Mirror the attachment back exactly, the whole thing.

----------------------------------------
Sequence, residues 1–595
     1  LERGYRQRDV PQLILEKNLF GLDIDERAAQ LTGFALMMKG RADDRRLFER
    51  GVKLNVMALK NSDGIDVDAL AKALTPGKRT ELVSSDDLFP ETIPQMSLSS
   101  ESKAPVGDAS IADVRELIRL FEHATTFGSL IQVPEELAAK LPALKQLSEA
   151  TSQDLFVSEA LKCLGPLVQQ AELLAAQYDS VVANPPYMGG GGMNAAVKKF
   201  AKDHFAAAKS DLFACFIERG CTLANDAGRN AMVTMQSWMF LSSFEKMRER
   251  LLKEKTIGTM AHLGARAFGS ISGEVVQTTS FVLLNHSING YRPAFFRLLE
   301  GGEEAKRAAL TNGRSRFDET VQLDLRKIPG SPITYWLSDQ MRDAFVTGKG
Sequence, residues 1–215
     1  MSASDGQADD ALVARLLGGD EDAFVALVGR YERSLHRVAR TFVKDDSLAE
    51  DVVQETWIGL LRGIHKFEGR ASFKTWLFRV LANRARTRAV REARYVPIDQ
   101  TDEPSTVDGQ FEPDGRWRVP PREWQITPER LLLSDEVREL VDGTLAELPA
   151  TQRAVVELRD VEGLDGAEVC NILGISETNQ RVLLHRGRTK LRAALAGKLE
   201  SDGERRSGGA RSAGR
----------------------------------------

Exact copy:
Sequence, residues 1–595
     1  LERGYRQRDV PQLILEKNLF GLDIDERAAQ LTGFALMMKG RADDRRLFER
    51  GVKLNVMALK NSDGIDVDAL AKALTPGKRT ELVSSDDLFP ETIPQMSLSS
   101  ESKAPVGDAS IADVRELIRL FEHATTFGSL IQVPEELAAK LPALKQLSEA
   151  TSQDLFVSEA LKCLGPLVQQ AELLAAQYDS VVANPPYMGG GGMNAAVKKF
   201  AKDHFAAAKS DLFACFIERG CTLANDAGRN AMVTMQSWMF LSSFEKMRER
   251  LLKEKTIGTM AHLGARAFGS ISGEVVQTTS FVLLNHSING YRPAFFRLLE
   301  GGEEAKRAAL TNGRSRFDET VQLDLRKIPG SPITYWLSDQ MRDAFVTGKG
Sequence, residues 1–215
     1  MSASDGQADD ALVARLLGGD EDAFVALVGR YERSLHRVAR TFVKDDSLAE
    51  DVVQETWIGL LRGIHKFEGR ASFKTWLFRV LANRARTRAV REARYVPIDQ
   101  TDEPSTVDGQ FEPDGRWRVP PREWQITPER LLLSDEVREL VDGTLAELPA
   151  TQRAVVELRD VEGLDGAEVC NILGISETNQ RVLLHRGRTK LRAALAGKLE
   201  SDGERRSGGA RSAGR